Macrophage infiltration in two subcutaneous adipose tissue depots and systemic low-grade inflammation were studied in post-obese (PO), obese (O), and control (C) subjects. Young males were recruited into PO: (n = 10, weight-loss avg. 26%, BMI: 26.6 ± 0.7, mean ±SEM kg/m2), O: (n = 10, BMI: 33.8 ± 1.0kg/m2) and C: (n = 10, BMI: 26.6 ± 0.6 kg/m2). PO and C were matched by BMI. Blood and abdominal and gluteal subcutaneous adipose tissue were obtained in the overnight fasted state. Plasma concentrations of IL-6 and CRP were higher (p < 0.05) in O than in PO and C, TNF-α was higher (p < 0.05) only in O compared to PO and IL-18 was similar between groups. The number of CD68+ macrophages was higher (p < 0.05) in the gluteal than the abdominal depot, and higher (p < 0.05) in O and PO compared to C in both depots. The content of CD163+ macrophages was similar between depots but was higher (p < 0.05) in PO compared to C and O in the gluteal depot. In post obese men with a long-term sustained weight loss, systemic low-grade inflammation was similar to non-obese controls despite a higher subcutaneous adipose tissue CD68+ macrophage content. Interestingly, the anti-inflammatory CD163+ macrophage adipose tissue content was consistently higher in post obese than obese and controls. Full article
(This article belongs to the Special Issue Macrophages in Health and Non-Infectious Disease)
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Open AccessReview
Flavolignans from Silymarin as Nrf2 Bioactivators and Their Therapeutic Applications
Biomedicines 2020, 8(5), 122; https://doi.org/10.3390/biomedicines8050122 - 14 May 2020
Viewed by 708
Abstract
Silymarin (SM) is a mixture of flavolignans extracted from the seeds of species derived from Silybum marianum, commonly known as milk thistle or St. Mary’sthistle. These species have been widely used in the treatment of liver disorders in traditional medicine since ancient [...] Read more.
Silymarin (SM) is a mixture of flavolignans extracted from the seeds of species derived from Silybum marianum, commonly known as milk thistle or St. Mary’sthistle. These species have been widely used in the treatment of liver disorders in traditional medicine since ancient times. Several properties had been attributed to the major SM flavolignans components, identified as silybin, isosilybin, silychristin, isosilychristin, and silydianin. Previous research reported antioxidant and protective activities, which are probably related to the activation of the nuclear factor erythroid 2 (NFE2)-related factor 2 (Nrf2), known as a master regulator of the cytoprotector response. Nrf2 is a redox-sensitive nuclear transcription factor able to induce the downstream-associated genes. The disruption of Nrf2 signaling has been associated with different pathological conditions. Some identified phytochemicals from SM had shown to participate in the Nrf2 signaling pathway; in particular, they have been suggested as activators that disrupt interactions in the Keap1-Nrf2 system, but also as antioxidants or with additional actions regarding Nrf2 regulation. Thus, the study of these molecules makes them appear attractive as novel targets for the treatment or prevention of several diseases. Full article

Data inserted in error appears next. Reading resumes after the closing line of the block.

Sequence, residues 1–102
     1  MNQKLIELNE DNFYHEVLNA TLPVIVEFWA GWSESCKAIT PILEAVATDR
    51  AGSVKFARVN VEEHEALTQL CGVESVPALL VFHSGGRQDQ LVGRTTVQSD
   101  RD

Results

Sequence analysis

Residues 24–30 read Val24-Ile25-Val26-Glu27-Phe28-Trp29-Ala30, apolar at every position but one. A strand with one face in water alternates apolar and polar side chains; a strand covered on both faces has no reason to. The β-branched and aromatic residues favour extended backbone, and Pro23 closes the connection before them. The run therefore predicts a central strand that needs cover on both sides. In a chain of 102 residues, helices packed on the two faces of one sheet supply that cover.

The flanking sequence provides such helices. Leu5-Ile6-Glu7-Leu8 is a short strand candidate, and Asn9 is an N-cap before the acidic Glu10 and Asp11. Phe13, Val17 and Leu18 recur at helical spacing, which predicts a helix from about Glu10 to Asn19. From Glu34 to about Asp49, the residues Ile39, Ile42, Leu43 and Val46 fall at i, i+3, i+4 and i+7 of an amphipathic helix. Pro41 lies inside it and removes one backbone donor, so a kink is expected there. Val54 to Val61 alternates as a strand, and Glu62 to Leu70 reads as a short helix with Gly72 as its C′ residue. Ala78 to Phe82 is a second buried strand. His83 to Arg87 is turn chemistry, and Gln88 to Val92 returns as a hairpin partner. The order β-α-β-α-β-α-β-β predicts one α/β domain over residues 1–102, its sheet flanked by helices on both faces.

(This article belongs to the Section Natural Compounds in Biomedicine)
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Open AccessArticle
Synthesis and Modeling Studies of Furoxan Coupled Spiro-Isoquinolino Piperidine Derivatives as NO Releasing PDE 5 Inhibitors
Biomedicines 2020, 8(5), 121; https://doi.org/10.3390/biomedicines8050121 - 14 May 2020
Viewed by 434
Abstract
Nitric oxide (NO) is considered to be one of the most important intracellular messengers that play an active role as neurotransmitter in regulation of various cardiovascular physiological and pathological processes. Nitric oxide (NO) is a major factor in penile erectile function. NO exerts [...] Read more.
Nitric oxide (NO) is considered to be one of the most important intracellular messengers that play an active role as neurotransmitter in regulation of various cardiovascular physiological and pathological processes. Nitric oxide (NO) is a major factor in penile erectile function. NO exerts a relaxing action on corpus cavernosum and penile arteries by activating smooth muscle soluble guanylate cyclase and increasing the intracellular concentration of cyclic guanosine monophosphate (cGMP). Phophodiesterase (PDE) inhibitors have potential therapeutic applications. NO hybridization has been found to improve and extend the pharmacological properties of the parental compound. The present study describes the synthesis of novel furoxan coupled spiro-isoquinolino-piperidine derivatives and their smooth muscle relaxant activity. The study reveals that, particularly 10d (1.50 ± 0.6) and 10g (1.65 ± 0.7) are moderate PDE 5 inhibitors as compared to Sidenafil (1.43 ± 0.5). The observed effect was explained by molecular modelling studies on phosphodiesterase. Full article
(This article belongs to the Section Natural Compounds in Biomedicine)
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Open AccessReview
Non-Invasive Delivery of Therapeutics into the Brain: The Potential of Aptamers for Targeted Delivery
Biomedicines 2020, 8(5), 120; https://doi.org/10.3390/biomedicines8050120 - 14 May 2020
Viewed by 397
Abstract